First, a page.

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As Hurricane Florence Approaches, the Rural Carolinas Brace For Impact

Widespread poverty, lack of transportation resources, and poor internet service could complicate emergency response in a region still reeling from Hurricane Matthew in 2016.
The last storm: Floodwaters caused by rain from Hurricane Matthew block NC Highway 41 outside of Lumberton, North Carolina in 2016.
The last storm: Floodwaters caused by rain from Hurricane Matthew block NC Highway 41 outside of Lumberton, North Carolina in 2016.Mike Spencer/AP

When Hurricane Hugo—the last Category 4 storm to strike the Carolinas—roared ashore in 1989, Jack Edwards knew what he had to do. In that storm’s immediate aftermath, he and his wife, Dorothy, went out to help their neighbors in their small town of Marion, South Carolina, about 50 miles from the coast. They connected generators, hung tarps over torn-up roofs, and tried to fill in the in the gaps in the county’s emergency response, which couldn’t get to everyone who needed help in this sparsely populated area.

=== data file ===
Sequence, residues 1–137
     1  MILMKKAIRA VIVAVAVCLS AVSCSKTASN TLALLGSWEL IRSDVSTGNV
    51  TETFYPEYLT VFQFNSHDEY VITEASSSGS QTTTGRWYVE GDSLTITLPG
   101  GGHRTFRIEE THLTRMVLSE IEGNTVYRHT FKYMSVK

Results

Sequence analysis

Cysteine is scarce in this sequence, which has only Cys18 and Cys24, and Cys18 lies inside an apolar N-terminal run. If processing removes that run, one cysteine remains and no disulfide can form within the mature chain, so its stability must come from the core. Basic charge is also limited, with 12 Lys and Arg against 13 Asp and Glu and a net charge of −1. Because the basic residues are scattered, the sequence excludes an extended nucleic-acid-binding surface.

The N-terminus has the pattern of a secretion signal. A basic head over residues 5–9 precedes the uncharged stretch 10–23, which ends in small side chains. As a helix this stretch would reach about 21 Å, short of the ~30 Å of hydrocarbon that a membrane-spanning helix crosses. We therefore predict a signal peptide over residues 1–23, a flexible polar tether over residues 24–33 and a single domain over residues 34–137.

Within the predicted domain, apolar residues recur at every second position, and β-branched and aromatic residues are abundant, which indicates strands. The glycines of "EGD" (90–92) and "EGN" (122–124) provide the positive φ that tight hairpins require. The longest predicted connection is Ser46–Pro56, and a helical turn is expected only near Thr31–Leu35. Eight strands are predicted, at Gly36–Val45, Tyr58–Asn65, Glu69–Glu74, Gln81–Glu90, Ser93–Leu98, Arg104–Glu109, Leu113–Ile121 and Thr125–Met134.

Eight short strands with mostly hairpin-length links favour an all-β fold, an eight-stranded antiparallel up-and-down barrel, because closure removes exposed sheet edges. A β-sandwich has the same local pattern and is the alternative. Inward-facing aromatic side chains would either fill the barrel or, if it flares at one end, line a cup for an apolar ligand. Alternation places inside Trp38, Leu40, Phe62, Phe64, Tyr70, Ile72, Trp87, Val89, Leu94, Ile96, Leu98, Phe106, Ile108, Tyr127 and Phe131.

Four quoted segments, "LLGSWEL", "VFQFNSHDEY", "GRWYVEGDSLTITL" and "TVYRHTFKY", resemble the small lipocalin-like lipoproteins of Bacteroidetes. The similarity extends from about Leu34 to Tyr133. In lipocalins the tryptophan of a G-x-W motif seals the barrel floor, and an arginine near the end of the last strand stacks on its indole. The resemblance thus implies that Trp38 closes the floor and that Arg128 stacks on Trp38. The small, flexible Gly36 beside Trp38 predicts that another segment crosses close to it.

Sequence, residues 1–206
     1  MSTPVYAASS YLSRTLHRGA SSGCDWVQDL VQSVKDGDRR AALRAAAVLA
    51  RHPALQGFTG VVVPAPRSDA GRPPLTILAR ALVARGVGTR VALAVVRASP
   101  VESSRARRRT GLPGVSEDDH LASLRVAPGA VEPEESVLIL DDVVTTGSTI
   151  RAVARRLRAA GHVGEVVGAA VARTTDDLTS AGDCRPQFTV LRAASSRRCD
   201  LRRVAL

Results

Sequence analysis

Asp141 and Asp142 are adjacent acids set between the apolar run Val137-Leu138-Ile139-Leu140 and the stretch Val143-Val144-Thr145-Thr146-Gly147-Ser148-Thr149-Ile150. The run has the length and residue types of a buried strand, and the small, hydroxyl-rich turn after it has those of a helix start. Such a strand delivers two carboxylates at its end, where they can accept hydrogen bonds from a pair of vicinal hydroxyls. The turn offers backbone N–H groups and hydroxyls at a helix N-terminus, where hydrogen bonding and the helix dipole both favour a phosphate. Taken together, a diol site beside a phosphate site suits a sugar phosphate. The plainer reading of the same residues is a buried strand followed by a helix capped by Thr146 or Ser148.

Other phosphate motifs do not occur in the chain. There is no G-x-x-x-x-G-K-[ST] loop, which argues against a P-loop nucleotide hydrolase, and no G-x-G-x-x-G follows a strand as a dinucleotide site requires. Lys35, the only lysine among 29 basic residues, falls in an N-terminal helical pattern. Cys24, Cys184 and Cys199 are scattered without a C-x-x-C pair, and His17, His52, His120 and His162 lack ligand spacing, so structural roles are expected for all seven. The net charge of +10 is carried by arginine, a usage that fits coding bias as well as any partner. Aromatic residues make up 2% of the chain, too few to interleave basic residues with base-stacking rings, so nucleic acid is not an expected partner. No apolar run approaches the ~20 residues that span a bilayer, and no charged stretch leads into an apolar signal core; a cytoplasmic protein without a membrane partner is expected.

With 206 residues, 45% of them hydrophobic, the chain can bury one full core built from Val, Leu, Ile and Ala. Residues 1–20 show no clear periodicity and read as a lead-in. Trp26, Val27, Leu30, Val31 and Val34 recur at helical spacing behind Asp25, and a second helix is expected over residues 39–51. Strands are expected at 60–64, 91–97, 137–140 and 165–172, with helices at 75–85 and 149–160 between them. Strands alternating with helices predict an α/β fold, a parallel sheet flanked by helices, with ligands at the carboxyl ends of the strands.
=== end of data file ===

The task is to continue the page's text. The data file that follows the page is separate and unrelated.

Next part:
The Edwards have been taking on this disaster response after big storms locally and across the country ever since. In 2014, after an ice storm blacked out the power to a dying neighbor’s oxygen unit, the husband-wife team ran over to hook up their generator at 1 a.m., getting up in the middle of the night to make sure it stayed running for five days straight.